Symantec report shows growth in web threats

A recent white paper by Symantec: Web Based Attacks, February 2009 cites there has been a dramatic increase in the number and sophistication of Web based threats.

The report states that throughout 2008 and into the early part of 2009 many new techniques and trends based around Web activity have been observed.

Comments Tich Mugwara, Symantec Enterprise Security Product Specialist at Drive Control Corporation (DCC): “Users are today faced with attacks that are sophisticated and therefore harmful to their laptops, desktops or even networks. It is important to remember that when surfing the Web one should bear in mind that one might stumble onto a site that has a number of viruses that could harm your machine.”

Misleading applications are finding their way to PCs via Internet pages; SQL (Windows environment) attacks are used to infect popular and mainstream web sites; Fake advertisements/malvertisements are redirecting people to malicious sites said the report.

In the case of targeting mainstream Websites, it is often those pages which contain material of an adult nature or pirated software that come under fire.  Explains Mugwara: “These Websites have thousands of users that visit these sites on a minute-by-minute basis, making the users vulnerable.”

Attack techniques include: SQL attacks; malicious advertisements; search engine result redirection; vulnerabilities in the Web server or forum hosting software; cross-site scripting (XSS) attacks; and attacks on the backend of virtual hosting companies.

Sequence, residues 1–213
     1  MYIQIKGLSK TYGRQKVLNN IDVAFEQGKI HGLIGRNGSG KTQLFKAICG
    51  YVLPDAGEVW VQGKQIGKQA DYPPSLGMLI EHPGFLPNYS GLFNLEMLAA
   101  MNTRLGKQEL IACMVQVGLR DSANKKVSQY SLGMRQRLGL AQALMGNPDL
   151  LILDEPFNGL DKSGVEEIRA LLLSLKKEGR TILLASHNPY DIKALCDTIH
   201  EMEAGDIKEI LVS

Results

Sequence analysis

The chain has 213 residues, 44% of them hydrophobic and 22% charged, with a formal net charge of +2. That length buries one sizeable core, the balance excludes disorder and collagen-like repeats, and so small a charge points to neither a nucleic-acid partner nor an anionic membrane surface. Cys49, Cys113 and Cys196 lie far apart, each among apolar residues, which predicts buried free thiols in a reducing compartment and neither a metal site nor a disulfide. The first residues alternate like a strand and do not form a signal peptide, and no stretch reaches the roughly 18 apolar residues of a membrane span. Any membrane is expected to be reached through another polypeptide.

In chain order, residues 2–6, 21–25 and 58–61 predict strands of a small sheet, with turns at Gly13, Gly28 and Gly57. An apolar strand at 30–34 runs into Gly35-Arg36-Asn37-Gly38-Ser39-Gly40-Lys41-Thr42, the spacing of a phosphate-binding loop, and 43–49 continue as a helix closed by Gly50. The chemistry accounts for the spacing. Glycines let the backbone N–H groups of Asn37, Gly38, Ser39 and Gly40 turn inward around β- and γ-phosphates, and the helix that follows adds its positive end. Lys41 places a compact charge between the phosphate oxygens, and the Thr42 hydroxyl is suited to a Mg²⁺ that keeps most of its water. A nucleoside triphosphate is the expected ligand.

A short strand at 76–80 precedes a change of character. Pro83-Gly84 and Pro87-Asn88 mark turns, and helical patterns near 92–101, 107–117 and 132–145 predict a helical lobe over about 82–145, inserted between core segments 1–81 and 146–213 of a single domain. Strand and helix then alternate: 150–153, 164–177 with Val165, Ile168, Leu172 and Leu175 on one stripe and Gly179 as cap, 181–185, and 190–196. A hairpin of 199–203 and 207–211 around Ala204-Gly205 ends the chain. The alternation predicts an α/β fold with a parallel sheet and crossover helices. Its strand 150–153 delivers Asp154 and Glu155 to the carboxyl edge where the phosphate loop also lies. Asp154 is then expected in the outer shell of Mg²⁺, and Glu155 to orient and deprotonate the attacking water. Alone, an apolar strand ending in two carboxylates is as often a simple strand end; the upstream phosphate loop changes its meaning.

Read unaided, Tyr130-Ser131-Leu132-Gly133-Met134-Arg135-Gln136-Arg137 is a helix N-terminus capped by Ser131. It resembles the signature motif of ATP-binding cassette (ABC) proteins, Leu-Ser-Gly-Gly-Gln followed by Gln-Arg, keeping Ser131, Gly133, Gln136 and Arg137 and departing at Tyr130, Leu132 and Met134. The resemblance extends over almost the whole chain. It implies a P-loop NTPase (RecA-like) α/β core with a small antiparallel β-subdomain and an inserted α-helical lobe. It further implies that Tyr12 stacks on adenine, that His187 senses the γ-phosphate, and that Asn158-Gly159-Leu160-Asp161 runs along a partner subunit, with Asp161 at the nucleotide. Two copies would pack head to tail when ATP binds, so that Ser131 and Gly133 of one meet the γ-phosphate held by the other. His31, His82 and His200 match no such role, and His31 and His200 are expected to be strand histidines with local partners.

“Unfortunately, we are also finding that people simply don’t download the latest virus patches, updates and so forth.  While vendors work very hard to ensure that their users are protected the onus still remains with the individual to accept updates and ensure their security features the latest armour in its body of defence,” says Mugwara.

The solution, says Mugwara, is to deploy and comprehensive end point security products which layers of protection such as:

. Heuristic file protection. This technique enables a security product to spot new virus variants, even without a traditional virus finger-print signature, based on characteristics of the file itself.

. Intrusion Prevention System (IPS). Intrusion Prevention Systems monitor network traffic looking for suspicious behaviour with the goal of stopping an attack before it takes up residency in a  system.

. Behavioural Monitoring. If a malicious piece of software makes it onto the system by bypassing the defences of the Intrusion Prevention System and the file protection capabilities, then a behavioural monitoring system may still identify it.

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Symantec report shows growth in web threats